The Sumatran muntjac is a subspecies of Indian muntjac in the deer family which can be the size of a large dog. It was discovered in 1914, but had not been sighted since 1930 until one was snared and freed from a hunter's snare in Kerinci Seblat National Park, Sumatra, Indonesia in 2002. Two other Sumatran muntjac have since been photographed in the park. The Sumatran muntjac was placed on the IUCN Red List in 2008, but was listed as Data Deficient, as taxonomic issues are still unresolved. The distribution of the taxon is also uncertain and may be more extensive than suggested. It is possible that some previous sightings of the common muntjac in Western Sumatra were the Sumatran muntjac.
Reserved wild animals are the highest class of protection for animal species in Thailand's wildlife conservation framework. There are currently nineteen designated species, defined by The Wild Animal Conservation and Protection Act B.E. 2562 (2019). The 2019 act replaced the original law from 1992. The law prohibits hunting, breeding, possessing, or trading any of such species, except when done for scientific research with permission from the Permanent Secretary of National Park, Wildlife and Plant Conservation, or breeding and possession by authorised public zoos.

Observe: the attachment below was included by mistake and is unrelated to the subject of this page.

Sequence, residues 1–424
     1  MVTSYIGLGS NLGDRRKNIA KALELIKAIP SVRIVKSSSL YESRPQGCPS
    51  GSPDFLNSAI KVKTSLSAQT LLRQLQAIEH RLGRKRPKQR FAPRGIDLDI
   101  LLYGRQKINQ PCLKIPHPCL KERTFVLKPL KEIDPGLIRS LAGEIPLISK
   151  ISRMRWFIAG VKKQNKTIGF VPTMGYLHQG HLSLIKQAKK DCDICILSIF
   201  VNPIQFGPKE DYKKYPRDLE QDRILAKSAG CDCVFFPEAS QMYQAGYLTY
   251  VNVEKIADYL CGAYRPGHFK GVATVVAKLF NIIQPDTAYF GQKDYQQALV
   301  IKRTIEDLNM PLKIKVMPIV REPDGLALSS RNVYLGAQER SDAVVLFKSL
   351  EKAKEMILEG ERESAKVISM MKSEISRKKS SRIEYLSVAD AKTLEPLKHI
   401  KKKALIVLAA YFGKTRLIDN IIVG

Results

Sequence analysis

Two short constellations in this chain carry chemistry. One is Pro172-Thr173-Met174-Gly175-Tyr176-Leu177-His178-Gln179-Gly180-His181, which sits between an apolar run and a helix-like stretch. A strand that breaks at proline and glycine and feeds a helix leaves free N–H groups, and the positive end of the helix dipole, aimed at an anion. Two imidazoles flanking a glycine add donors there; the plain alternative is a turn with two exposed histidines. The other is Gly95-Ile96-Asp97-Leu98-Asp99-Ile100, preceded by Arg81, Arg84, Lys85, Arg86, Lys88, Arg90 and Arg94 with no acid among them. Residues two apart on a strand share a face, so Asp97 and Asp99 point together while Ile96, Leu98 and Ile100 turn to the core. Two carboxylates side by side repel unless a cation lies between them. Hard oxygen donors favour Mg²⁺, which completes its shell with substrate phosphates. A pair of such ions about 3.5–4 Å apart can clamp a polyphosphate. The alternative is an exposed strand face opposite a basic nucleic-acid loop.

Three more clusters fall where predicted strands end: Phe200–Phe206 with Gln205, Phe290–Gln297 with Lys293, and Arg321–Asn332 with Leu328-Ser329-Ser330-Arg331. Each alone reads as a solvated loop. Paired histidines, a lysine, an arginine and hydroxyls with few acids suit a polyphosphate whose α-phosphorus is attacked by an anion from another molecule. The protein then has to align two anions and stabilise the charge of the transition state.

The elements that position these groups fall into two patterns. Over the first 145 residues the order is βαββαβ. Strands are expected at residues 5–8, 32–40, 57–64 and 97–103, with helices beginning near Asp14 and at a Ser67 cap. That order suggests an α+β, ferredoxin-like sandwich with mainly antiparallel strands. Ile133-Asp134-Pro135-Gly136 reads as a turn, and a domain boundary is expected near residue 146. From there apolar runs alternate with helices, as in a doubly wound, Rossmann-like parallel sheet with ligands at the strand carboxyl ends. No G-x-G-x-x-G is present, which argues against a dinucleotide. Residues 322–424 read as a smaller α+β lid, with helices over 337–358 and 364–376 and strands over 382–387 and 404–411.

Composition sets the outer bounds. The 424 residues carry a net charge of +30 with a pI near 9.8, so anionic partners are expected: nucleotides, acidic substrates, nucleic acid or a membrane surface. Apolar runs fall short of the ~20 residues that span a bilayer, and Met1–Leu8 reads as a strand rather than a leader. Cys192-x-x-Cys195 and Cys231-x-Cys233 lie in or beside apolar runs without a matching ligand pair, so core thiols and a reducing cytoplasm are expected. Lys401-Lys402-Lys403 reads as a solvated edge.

The Pu Hoat muntjac is a species of muntjac only known from Pu Hoat region in Vietnam, which is bordering Laos. It is sometimes considered to be conspecific with Roosevelt's muntjac, and its habitat and behavior are likely to be similar.
Trimeresurus truongsonensis is a venomous pitviper species endemic to Vietnam. Its common names are Truong Son pit viper and Quang Binh pitviper.